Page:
Valtteri Bottas takes the win at the Russian GP, continuing Mercedes’ unbroken record of holding P1 at the Sochi Autodrome.

Verstappen finished second, about 7 seconds behind the race leader, even with some intermittent issues with the car.

Hamilton brings up the rear of the podium by coming P3, despite the 10 second time penalty he faced.


Lewis Hamilton after his third place finish at the Russian GP accused stewards of trying to stop him from winning by imposing time penalties. “Everything we have on our car is being checked and triple-checked. They are changing rules, such as the engine regs, lots of things to get in the way to keep the racing exciting, I assume.”

"It’s ridiculous the points they have been giving people this year in general,” he said. “I’ll just make sure I’m squeaky clean moving forwards, don’t give them an excuse for anything.”


Interesting that the “accused stewards” would want to stop Hamilton’s Mercedes but not Bottas’ Mercedes. Hmmm… :thinking:

Although, I kind of agree to his comment about it being done to “keep the racing exciting”. Mercedes and Hamilton dominance is making the races boring. People already know in advance who is likely to win the race.

Fans however want to see competitive races, see underdogs challenge the champions and make it to the podium. Hamilton being always No.1 could do more damage to the sport in the long run, than Mercedes being able to tout their untouchable reign at F1.


Exactly. F1 viewership has gone down as their is no competition at all for Mercedes. I don’t know what’s wrong with Ferrari they seem to be completely off track. P11 and P15 start can never get them to the podium.


@Jay I don’t think that the FIA would give out penalties to make a race more exciting. I see how it could seem that way, but Hamilton was given the penalties in the Sochi Grand Prix because he started in the wrong place during his practice sessions, not once but twice.

Moreover, he was not the only driver to be given penalties in the race- Ricciardo was also given a +5s penalty for going off track at turn 2 of the race. According to Hamilton’s logic, they must’ve been trying to stop Ricciardo from getting a podium!

There have been multiple occasions where the stewards have pardoned Hamilton’s mistakes in a race and not given him a penalty. It is unfair of Hamilton to drum up conspiracy theories of the FIA trying to sabotage his career for some extra viewership, especially when he himself was at fault.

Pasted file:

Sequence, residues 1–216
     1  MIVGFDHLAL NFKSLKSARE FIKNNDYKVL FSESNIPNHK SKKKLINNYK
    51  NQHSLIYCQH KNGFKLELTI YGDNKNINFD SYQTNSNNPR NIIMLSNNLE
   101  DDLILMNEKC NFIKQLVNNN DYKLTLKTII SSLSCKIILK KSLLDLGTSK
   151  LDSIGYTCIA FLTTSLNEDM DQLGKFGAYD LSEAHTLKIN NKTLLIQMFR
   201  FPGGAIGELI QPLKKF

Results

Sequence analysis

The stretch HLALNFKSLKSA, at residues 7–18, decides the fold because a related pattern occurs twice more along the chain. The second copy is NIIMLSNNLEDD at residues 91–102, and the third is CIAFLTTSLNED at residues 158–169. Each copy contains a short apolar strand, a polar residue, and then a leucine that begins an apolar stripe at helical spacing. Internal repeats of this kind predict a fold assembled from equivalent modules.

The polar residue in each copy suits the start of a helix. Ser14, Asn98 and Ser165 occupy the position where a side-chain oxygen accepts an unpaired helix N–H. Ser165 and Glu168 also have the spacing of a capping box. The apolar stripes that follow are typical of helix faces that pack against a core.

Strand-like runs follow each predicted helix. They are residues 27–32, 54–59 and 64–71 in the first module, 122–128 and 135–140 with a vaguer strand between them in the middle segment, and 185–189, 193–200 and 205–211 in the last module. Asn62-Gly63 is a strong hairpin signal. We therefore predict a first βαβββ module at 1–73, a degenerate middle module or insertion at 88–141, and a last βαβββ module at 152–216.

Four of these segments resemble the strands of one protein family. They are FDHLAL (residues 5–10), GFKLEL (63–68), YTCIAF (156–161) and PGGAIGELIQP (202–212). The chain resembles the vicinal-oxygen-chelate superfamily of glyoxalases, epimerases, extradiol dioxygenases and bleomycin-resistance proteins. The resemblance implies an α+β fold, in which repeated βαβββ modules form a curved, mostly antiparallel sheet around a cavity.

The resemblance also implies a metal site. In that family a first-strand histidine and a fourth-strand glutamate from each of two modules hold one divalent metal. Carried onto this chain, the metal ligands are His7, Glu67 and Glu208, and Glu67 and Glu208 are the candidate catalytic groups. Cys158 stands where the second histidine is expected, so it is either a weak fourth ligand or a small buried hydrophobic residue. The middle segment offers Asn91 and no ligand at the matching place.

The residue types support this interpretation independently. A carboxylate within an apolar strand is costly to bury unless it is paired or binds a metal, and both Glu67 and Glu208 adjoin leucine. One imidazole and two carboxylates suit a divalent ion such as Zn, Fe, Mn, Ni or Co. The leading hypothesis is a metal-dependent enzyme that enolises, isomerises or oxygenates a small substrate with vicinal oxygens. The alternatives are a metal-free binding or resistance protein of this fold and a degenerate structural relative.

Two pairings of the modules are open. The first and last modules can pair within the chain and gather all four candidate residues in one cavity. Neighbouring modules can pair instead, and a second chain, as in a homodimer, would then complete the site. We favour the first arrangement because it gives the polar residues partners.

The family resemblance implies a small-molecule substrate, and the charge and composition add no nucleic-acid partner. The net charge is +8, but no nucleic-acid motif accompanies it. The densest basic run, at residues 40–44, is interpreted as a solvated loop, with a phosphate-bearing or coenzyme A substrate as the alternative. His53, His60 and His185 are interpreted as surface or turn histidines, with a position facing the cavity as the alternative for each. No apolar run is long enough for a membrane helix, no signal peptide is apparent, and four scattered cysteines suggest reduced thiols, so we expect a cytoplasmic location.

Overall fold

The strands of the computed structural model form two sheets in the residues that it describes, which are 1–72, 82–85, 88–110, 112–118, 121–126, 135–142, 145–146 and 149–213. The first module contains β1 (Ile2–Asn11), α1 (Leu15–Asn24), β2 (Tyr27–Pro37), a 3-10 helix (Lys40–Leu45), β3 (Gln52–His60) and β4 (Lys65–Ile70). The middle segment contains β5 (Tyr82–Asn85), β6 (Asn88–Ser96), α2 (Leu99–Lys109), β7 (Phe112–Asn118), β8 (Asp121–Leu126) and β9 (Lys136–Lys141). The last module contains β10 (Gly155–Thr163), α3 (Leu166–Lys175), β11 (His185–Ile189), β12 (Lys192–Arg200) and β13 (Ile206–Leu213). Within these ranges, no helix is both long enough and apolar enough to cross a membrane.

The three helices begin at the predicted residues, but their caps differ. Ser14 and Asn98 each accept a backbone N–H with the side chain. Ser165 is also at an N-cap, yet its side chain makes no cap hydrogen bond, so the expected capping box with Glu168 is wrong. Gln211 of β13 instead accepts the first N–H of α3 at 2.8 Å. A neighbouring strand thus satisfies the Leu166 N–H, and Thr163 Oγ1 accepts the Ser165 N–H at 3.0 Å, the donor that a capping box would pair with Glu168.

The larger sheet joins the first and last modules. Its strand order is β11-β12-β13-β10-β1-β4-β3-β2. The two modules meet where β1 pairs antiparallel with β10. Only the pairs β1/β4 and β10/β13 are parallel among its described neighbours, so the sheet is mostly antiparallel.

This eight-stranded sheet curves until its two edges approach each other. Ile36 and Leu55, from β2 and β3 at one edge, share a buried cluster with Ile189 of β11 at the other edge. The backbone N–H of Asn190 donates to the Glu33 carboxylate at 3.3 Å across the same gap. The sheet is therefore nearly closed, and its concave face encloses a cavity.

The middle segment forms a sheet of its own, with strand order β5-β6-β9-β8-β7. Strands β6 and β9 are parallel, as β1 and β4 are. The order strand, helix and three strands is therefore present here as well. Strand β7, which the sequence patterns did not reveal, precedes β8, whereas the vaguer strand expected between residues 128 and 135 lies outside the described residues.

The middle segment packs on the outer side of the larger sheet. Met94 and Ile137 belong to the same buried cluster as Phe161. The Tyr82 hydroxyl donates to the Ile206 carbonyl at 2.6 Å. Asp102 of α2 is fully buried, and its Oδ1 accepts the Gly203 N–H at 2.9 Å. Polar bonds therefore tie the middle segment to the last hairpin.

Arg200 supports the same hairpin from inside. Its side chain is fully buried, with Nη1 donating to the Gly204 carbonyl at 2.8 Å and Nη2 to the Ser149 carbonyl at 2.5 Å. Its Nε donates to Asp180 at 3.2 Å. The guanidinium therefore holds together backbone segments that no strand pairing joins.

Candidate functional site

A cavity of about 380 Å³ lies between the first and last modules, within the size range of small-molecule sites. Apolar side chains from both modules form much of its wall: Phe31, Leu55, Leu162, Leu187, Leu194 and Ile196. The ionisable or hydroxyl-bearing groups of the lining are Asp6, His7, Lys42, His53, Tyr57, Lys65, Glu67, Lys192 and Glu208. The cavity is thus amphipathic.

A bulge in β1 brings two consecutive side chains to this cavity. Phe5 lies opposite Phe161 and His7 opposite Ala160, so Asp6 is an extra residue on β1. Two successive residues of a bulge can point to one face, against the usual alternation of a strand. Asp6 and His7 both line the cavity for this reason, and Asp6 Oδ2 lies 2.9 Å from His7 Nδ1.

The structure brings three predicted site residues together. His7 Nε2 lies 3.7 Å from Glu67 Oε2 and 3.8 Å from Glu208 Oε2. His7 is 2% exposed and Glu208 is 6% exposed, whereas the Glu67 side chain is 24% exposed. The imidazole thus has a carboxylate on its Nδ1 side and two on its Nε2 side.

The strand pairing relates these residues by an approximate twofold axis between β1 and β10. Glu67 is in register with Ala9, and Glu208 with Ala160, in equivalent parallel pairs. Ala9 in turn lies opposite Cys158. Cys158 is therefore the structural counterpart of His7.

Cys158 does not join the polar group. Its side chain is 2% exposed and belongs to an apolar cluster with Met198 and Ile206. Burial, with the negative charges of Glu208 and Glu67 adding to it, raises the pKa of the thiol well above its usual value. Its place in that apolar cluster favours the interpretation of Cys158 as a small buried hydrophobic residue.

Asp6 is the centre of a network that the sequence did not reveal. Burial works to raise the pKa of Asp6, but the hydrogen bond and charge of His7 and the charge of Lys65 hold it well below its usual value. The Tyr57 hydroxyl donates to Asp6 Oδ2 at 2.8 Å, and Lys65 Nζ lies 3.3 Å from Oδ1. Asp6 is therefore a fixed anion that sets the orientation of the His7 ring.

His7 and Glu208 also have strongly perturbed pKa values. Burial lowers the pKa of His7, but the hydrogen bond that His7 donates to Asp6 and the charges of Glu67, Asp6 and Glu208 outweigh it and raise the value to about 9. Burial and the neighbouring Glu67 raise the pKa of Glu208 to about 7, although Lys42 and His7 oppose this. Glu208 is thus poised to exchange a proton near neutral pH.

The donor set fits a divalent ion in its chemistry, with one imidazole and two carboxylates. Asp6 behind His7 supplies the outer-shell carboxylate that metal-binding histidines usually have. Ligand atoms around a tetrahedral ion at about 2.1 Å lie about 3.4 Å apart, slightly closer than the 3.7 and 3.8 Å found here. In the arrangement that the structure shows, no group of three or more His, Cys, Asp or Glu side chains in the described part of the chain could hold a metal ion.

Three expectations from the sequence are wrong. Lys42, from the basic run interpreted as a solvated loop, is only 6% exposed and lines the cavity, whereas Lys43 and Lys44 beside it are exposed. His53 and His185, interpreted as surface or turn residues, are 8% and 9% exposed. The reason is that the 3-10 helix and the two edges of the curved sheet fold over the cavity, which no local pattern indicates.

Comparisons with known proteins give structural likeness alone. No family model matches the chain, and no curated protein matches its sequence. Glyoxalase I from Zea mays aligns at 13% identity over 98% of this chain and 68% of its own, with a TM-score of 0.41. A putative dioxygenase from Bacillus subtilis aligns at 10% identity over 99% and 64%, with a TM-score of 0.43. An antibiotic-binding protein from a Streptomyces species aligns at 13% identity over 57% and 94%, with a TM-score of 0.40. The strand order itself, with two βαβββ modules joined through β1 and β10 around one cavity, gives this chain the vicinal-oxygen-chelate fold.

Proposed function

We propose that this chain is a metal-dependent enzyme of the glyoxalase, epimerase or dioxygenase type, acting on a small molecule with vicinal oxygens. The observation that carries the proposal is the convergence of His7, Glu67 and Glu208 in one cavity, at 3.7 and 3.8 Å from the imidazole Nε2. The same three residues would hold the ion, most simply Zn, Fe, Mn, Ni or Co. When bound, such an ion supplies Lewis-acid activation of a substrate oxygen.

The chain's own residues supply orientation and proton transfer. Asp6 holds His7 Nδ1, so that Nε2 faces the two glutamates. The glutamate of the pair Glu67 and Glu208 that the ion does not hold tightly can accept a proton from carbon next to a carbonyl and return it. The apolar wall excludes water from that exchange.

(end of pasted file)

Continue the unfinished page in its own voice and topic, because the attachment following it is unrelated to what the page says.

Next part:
@Yash While the Mercedes domination DOES get a little boring, I do not think that it is reducing the F1 viewership.

The above image shows the winners of the Constructor’s Trophy for the past 20 years. As you can see, dominancy is not a trait reserved for Mercedes. Every team has had its turn to be dominant- it’s just Mercedes’ turn right now.
Also, Formula 1 isn’t just about the winners of the race. If it were, no one would sit through 2 hours of racing- they would just look up the results after the race :woman_shrugging: :woman_shrugging: :woman_shrugging:

If anything, the viewership has gone up for the 2020 season, after the Netflix show Formula 1: Drive to Survive released its second season on the 28th of February. We live in a world where people, especially the younger generations, prefer watching Netflix over TV. The show is a little dramatized but is an excellent gateway into the world of motorsport. Drive to Survive helped put F1 on the radar of millions of Netflix users across the globe.

Another reason that more and more Millenials and Gen-Z viewers have started watching Formula 1 is the driver lineup, the rookies in particular.
Lando Norris, Charles Leclerc, Alex Albon, and George Russell, known as the “Twitch Quartet of F1”, are fan favorites. Their friendly banter and healthy competition during their Twitch streams has endeared them to fans across the world.
Speaking of friendly banter, I highly recommend subscribing to the McLaren Youtube channel. The driver challenges are bound to have you laughing your heart out, and the Unboxed videos provide a great insight into the behind-the-scenes of the F1 races as well as a better look into the personal lives of the drivers.